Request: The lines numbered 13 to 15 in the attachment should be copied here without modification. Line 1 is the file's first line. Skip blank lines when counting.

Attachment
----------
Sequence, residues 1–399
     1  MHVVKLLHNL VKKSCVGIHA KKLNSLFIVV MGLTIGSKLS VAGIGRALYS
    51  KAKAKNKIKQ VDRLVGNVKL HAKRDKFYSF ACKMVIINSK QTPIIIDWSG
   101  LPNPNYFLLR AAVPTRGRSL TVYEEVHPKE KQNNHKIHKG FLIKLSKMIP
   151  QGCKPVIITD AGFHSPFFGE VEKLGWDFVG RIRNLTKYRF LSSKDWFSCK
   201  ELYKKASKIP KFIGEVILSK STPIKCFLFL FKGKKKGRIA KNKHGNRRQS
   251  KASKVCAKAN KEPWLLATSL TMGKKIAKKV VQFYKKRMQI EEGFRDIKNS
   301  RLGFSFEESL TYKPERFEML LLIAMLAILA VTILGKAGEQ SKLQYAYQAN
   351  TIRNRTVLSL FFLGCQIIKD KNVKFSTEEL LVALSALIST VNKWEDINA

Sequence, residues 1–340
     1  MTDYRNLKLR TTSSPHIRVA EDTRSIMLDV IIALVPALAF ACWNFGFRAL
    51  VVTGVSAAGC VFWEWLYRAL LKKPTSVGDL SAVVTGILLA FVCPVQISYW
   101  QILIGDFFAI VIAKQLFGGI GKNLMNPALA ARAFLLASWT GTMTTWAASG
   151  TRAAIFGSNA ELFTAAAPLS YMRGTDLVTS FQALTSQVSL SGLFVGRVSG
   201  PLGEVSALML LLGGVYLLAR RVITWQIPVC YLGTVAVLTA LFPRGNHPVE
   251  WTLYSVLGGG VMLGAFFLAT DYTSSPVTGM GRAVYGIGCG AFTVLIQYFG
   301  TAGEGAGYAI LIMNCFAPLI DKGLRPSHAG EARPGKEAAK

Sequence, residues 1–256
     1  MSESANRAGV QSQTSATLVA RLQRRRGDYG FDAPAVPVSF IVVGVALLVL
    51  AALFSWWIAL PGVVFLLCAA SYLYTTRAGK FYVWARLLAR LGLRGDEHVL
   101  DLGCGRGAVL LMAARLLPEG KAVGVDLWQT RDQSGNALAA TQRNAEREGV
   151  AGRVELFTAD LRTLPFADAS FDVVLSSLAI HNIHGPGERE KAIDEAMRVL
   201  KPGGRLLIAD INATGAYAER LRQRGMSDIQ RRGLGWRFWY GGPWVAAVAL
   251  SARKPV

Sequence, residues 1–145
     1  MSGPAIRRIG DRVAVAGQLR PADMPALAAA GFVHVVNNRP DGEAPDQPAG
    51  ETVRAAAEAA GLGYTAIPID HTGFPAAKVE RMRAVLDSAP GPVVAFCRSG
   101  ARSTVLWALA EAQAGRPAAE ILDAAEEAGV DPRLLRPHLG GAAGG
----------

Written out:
   101  QILIGDFFAI VIAKQLFGGI GKNLMNPALA ARAFLLASWT GTMTTWAASG
   151  TRAAIFGSNA ELFTAAAPLS YMRGTDLVTS FQALTSQVSL SGLFVGRVSG
   201  PLGEVSALML LLGGVYLLAR RVITWQIPVC YLGTVAVLTA LFPRGNHPVE